In an exclusive interview to SAFETY4SEA, Richard Ballantyne, Chief Executive, British Ports Association, representing over 400 ports and facilities that collectively handle 86% of the UK’s seaborne trade, highlights the importance of ports in industry’s decarbonization journey.
In particular, the UK ports have understood their positive role as ‘energy hubs of the future’ as the country moves towards a more decentralised energy system with the role out of offshore wind and the transition to alternative fuels. In that regard, greater collaboration across all industry stakeholders along with promoting ports to all tiers of government are essential in securing a more sustainable future, Mr. Ballantyne says.
SAFETY4EA: What are your top priorities in the BPA agenda for the next 5 years?
Richard Ballantyne: To encourage the UK and devolved governments to continue to be the Freeports agenda but rolling out the benefits to all ports that want them. To promote ports to all tiers of government and improve the appreciation of what our sector does and the people who work in it. Also, to encourage collaborative approaches on decarbonisation with an industry tool and promote innovation across the sector. To push for more pro port government policies to stimulate growth as well as encourage policy makers to improve transport and energy connectivity and planning frameworks.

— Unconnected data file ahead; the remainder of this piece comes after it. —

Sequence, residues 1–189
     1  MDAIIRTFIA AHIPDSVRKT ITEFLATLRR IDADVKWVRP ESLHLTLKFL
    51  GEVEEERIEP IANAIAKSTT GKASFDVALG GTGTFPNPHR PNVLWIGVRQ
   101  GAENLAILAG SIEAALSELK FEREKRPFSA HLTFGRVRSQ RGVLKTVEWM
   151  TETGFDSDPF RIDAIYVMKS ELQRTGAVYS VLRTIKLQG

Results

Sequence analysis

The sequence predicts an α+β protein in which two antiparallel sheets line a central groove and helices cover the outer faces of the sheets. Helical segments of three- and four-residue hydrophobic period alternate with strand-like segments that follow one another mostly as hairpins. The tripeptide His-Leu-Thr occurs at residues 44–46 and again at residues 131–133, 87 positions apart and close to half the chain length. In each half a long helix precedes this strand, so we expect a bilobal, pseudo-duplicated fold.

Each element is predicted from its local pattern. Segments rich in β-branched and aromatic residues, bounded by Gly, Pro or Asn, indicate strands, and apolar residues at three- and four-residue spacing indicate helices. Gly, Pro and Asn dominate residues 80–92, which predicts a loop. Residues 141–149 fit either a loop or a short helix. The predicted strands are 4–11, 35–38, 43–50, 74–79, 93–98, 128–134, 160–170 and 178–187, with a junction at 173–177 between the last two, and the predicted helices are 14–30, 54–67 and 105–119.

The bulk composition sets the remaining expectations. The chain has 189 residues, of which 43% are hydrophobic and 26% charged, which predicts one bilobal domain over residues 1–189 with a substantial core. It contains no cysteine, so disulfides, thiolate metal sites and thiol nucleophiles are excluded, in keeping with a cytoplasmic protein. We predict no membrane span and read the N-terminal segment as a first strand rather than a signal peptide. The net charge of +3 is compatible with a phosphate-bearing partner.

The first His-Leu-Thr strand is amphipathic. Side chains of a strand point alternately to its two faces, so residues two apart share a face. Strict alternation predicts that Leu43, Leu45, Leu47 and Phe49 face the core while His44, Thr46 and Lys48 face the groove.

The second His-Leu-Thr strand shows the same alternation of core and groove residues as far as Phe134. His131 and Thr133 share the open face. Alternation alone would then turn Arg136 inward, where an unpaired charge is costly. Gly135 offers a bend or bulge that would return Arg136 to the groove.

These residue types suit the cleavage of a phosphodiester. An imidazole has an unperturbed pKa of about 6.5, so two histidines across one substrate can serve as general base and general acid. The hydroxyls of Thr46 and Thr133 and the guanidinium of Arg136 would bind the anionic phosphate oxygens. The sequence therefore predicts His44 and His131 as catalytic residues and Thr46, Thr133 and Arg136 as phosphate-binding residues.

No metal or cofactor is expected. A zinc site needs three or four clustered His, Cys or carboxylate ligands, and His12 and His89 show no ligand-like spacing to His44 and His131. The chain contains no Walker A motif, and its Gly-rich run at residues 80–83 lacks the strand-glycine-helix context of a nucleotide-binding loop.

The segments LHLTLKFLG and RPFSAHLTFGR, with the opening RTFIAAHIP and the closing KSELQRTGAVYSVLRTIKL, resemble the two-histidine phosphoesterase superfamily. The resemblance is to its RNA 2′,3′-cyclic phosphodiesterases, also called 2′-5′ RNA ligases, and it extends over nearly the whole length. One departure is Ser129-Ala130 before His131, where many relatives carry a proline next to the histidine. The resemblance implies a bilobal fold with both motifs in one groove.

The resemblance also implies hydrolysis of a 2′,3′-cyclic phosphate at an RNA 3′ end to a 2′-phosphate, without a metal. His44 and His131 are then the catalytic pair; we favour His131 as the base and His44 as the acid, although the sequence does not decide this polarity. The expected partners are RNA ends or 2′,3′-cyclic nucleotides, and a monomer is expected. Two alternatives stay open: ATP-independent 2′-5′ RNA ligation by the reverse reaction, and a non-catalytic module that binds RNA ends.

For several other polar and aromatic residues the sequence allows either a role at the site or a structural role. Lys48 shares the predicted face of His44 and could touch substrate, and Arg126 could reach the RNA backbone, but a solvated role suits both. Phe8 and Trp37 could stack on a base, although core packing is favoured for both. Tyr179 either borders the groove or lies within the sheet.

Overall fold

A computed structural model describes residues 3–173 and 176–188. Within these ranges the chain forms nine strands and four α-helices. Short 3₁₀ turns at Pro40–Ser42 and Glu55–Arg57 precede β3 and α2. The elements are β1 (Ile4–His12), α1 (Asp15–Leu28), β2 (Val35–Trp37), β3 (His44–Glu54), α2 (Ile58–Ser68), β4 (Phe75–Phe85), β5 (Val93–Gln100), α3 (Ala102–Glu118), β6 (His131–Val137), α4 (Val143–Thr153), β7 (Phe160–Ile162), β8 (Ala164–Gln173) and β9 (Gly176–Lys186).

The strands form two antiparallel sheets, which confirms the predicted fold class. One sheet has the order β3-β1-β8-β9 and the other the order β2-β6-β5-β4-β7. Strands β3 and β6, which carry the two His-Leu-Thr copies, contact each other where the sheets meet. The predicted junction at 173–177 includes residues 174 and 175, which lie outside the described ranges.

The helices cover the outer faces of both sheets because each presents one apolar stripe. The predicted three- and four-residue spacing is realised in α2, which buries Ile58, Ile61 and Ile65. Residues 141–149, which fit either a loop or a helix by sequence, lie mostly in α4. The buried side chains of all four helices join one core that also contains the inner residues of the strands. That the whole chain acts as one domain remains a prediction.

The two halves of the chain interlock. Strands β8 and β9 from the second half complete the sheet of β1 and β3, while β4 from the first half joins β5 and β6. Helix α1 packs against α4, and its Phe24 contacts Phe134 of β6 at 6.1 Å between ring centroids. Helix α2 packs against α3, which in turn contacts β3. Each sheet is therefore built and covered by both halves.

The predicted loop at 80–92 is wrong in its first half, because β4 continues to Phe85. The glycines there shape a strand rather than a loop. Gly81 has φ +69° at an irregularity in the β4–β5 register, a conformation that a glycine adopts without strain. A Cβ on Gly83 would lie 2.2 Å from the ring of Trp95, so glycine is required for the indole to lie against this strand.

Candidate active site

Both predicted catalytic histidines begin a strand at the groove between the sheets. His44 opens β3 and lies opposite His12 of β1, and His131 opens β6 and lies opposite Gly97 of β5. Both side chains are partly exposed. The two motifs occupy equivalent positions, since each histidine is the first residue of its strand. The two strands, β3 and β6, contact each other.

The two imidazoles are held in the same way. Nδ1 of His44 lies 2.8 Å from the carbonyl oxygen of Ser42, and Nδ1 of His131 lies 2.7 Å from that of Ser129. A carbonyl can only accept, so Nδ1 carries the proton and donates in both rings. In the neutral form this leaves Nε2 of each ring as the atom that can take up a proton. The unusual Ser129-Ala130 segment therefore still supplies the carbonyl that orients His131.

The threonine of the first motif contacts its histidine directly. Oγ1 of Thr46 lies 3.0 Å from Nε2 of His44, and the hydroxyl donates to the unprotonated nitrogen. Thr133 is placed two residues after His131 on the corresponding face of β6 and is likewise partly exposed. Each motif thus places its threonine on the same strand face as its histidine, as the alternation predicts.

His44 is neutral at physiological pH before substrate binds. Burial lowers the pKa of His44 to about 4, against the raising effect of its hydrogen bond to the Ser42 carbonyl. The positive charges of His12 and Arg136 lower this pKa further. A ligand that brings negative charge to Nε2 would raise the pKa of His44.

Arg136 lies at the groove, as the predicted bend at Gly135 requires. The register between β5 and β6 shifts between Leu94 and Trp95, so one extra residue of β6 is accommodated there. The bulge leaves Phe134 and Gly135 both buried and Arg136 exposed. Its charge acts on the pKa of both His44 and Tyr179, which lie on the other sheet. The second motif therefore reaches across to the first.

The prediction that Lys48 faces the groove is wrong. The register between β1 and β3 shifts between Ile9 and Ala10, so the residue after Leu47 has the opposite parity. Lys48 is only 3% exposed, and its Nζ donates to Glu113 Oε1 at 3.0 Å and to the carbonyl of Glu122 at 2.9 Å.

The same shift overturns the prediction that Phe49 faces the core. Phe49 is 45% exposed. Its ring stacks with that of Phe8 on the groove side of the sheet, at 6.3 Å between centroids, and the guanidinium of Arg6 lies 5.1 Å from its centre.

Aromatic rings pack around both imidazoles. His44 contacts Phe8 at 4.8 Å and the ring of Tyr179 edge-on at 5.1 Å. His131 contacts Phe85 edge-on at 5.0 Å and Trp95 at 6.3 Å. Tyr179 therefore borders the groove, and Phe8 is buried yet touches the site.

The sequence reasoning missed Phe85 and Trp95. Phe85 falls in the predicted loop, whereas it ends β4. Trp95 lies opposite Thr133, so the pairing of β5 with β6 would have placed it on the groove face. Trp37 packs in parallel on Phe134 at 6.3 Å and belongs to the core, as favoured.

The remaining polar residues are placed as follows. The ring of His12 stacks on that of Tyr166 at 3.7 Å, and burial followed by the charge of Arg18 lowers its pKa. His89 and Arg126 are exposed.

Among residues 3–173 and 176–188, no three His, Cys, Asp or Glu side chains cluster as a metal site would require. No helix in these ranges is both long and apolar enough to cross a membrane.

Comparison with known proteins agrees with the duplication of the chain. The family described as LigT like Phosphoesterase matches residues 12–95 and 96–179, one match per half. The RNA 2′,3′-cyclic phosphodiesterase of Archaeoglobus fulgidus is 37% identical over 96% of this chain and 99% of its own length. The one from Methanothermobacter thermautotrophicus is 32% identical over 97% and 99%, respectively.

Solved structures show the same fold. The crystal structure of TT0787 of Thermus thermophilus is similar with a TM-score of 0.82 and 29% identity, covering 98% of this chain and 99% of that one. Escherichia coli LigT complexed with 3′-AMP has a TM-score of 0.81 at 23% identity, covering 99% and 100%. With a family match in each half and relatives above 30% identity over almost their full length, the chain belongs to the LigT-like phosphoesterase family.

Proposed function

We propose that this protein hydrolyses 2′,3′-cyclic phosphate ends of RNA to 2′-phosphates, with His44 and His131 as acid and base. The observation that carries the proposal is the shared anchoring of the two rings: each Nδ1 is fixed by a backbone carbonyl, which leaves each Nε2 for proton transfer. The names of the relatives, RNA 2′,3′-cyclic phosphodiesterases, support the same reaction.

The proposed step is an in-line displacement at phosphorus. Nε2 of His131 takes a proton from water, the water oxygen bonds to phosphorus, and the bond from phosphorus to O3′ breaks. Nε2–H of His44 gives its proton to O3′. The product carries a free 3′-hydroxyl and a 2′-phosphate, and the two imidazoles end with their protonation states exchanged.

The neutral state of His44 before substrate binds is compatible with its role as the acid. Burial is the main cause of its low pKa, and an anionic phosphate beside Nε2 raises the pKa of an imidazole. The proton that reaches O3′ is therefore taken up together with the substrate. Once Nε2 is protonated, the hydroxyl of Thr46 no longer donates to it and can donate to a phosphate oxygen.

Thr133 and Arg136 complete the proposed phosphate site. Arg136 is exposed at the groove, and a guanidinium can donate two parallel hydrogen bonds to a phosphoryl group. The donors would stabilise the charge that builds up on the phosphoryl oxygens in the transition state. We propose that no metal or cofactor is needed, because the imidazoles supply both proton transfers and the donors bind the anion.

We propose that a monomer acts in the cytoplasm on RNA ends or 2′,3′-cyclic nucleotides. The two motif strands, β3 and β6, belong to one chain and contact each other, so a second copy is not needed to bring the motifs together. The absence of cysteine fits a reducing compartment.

S4S: What will be the biggest challenges for the maritime industry from your perspective? How these will affect the industry and how are you preparing to face them?
R.B.: Probably environmental and whilst challenging there is definitely a positive role ports can play. Decarbonisation, new fuels and energy connectivity and storage will be pivotal to the performance of other economic activities like shipping and haulage. But ports can become energy hubs as well as gateways for goods and passengers.
S4S: What does ‘sustainability’ mean for the UK ports and how can they address the critical issue of climate change?